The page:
Speaking of the Emancipation Proclamation, Davis asserted that it meant the extermination of the Negro race and courage mass assassinations of their masters. He called it proof of the “true nature of the designs” of the Republican Party.
A skirmish occurred at Lick Creek near Helena, Arkansas, while Major General John E. Wool assumed command of the Federal Department of the East.
Tuesday January 13, 1863
A Federal expedition from Helena, Arkansas operated up the White River until the nineteenth, capturing St. Charles, Clarendon, Devall’s Bluff and Des Arc, Arkansas.
At Harpeth Shoals on the Cumberland River in Tennessee, the U.S.S. Sidell, a Federal gunboat, surrendered to Confederate troops under Joseph Wheeler. Three transports with wounded troops were also seized in the action. The wounded were put on board one vessel and allowed to go on, while the other boats were burned.
Federal officials formally authorized the raising of Negro troops for the South Carolina Volunteer Infantry to be commanded by Colonel Thomas Wentworth Higginson.
Where Minnesota Regiments were the week of January 7-13, 1863
1st Minnesota Volunteer Infantry – In camp near Falmouth, Virginia.
2nd Minnesota Volunteer Infantry – On guard duty at Gallatin, Tennessee until January 29, 1863.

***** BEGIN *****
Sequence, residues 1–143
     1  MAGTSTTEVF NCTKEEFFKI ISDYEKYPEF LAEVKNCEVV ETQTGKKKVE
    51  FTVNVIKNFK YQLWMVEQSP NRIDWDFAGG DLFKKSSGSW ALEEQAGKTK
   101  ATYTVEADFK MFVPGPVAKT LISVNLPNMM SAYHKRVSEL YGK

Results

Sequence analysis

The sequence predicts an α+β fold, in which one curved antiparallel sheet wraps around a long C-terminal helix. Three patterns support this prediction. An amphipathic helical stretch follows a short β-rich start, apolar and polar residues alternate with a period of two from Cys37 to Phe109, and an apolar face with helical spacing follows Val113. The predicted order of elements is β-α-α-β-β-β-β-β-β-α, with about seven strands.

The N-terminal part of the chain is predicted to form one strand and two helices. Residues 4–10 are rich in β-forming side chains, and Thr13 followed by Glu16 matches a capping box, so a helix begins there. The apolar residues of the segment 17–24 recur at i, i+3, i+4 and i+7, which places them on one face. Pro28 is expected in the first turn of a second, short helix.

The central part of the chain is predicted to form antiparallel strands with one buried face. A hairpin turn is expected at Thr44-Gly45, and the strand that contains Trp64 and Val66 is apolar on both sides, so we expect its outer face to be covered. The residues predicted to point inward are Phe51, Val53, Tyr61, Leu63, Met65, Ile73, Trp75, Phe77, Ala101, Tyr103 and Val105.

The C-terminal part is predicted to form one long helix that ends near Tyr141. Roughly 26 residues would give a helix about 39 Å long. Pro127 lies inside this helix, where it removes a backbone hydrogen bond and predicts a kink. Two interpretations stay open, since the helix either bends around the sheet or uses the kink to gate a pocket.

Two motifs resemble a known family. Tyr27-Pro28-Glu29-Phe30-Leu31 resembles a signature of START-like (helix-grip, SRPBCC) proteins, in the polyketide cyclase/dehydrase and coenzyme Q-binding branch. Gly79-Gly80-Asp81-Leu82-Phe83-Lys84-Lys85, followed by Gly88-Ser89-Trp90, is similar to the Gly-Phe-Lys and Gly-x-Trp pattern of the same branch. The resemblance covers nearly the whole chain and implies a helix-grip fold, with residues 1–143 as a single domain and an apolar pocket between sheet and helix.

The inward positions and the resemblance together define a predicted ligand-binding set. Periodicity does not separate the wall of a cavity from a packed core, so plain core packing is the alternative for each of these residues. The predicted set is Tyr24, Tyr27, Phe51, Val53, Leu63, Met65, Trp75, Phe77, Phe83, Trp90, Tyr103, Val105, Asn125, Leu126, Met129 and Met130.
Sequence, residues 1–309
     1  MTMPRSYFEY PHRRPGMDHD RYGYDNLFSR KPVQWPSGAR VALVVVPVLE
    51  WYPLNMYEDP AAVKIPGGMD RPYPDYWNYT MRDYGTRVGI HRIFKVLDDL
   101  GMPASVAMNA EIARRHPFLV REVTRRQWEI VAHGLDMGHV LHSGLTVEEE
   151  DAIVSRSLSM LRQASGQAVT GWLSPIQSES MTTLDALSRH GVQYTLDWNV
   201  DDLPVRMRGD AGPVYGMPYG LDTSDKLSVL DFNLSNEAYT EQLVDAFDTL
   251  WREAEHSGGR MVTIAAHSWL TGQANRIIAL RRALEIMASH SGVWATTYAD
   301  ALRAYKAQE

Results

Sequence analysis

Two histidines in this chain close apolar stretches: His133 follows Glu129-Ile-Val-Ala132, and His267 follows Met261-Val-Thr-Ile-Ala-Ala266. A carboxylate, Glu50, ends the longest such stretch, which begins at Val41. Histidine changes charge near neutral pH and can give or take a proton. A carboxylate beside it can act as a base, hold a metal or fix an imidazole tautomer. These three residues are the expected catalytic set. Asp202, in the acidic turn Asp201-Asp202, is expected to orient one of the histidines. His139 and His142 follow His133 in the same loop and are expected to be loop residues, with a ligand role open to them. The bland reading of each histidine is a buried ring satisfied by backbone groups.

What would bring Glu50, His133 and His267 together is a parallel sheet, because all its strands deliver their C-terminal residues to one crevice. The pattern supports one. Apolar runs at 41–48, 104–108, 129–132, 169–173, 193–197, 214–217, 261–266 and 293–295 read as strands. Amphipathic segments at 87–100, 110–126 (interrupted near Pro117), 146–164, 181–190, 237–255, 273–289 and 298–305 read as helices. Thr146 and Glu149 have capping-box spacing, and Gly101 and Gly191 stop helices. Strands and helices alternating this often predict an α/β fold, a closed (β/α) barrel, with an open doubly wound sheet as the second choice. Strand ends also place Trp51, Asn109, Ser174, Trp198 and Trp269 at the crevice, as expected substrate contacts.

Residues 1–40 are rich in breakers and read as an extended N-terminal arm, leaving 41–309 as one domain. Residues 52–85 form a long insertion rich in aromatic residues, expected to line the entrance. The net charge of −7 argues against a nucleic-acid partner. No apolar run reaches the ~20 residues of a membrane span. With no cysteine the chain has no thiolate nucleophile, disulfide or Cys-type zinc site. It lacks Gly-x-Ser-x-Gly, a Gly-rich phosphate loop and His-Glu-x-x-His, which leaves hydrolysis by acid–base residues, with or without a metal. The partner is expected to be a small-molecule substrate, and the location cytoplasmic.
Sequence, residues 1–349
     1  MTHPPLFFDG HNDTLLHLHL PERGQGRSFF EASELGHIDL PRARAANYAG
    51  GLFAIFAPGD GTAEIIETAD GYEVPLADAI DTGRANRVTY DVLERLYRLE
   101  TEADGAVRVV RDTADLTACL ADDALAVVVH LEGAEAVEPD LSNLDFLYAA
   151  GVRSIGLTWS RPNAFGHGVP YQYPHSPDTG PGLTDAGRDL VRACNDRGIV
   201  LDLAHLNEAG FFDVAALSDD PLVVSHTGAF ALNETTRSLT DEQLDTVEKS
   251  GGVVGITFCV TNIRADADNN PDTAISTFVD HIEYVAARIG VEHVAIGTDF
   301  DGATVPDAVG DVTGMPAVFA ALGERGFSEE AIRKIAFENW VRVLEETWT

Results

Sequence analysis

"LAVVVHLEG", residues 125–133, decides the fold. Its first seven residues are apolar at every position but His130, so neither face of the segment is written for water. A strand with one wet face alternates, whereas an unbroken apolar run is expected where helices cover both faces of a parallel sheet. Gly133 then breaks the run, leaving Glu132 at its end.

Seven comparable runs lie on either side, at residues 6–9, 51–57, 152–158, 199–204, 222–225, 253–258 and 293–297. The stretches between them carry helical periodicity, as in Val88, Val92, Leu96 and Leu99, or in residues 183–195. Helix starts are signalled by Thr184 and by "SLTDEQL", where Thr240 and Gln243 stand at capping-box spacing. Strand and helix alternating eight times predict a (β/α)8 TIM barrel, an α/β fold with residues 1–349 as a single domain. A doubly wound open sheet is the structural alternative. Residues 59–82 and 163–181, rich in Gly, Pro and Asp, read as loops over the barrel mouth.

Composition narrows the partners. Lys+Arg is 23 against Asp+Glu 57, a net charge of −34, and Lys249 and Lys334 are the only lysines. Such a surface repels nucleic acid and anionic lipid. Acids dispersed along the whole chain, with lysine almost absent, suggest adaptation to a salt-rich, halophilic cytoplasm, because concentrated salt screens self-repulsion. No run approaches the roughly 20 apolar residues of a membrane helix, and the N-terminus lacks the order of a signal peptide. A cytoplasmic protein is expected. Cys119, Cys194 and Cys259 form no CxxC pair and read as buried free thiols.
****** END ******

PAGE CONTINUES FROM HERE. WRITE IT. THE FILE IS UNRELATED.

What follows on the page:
3rd Minnesota Volunteer Infantry – On duty at Fort Snelling, Minnesota until January 16, 1863.
4th Minnesota Volunteer Infantry – Duty at White’s Station and Memphis, Tennessee until February 24, 1863.
5th Minnesota Volunteer Infantry – Companies B, C and D remained in Minnesota and Dakota Territory on garrison duty. The remaining companies were on Major General Ulysses Grant’s Central Mississippi Campaign until January 1863.
6th Minnesota Volunteer Infantry – On garrison duty at Fort Snelling, Glencoe, Forest City and Kingston until February 1863.
7th Minnesota Volunteer Infantry – On garrison duty in Mankato and other points in Minnesota until June 1863.
8th Minnesota Volunteer Infantry – On frontier duty at various points in Minnesota: Anoka, Princeton, Monticello, Kingston, Manannah, Paynesville, Fort Ripley, Sauk Center, Pomme de Terre, Alexandria and Fort Abercrombie until May 1864.
9th Minnesota Volunteer Infantry – On garrison duty in various frontier Minnesota communities until June 1863.
10th Minnesota Volunteer Infantry – Regiment on detached service for garrison duty at various outposts in frontier Minnesota until June 1863.
1st Regiment Minnesota Cavalry “Mounted Rangers” – Organized at St. Cloud, St. Peter and Fort Snelling for frontier duty against Indians until June 1863.
Brackett’s Battalion of Minnesota Cavalry – On expedition at Fort Heiman, Tennessee.
1st Minnesota Light Artillery Battery – On Major General Ulysses Grant’s Central Mississippi Campaign near Vicksburg, Mississippi until January 1863.
2nd Independent Battery, Minnesota Light Artillery – On duty at Murfreesboro Tennessee until June 23, 1862.
2nd United States Sharpshooters, Company A – In camp at Falmouth, Virginia.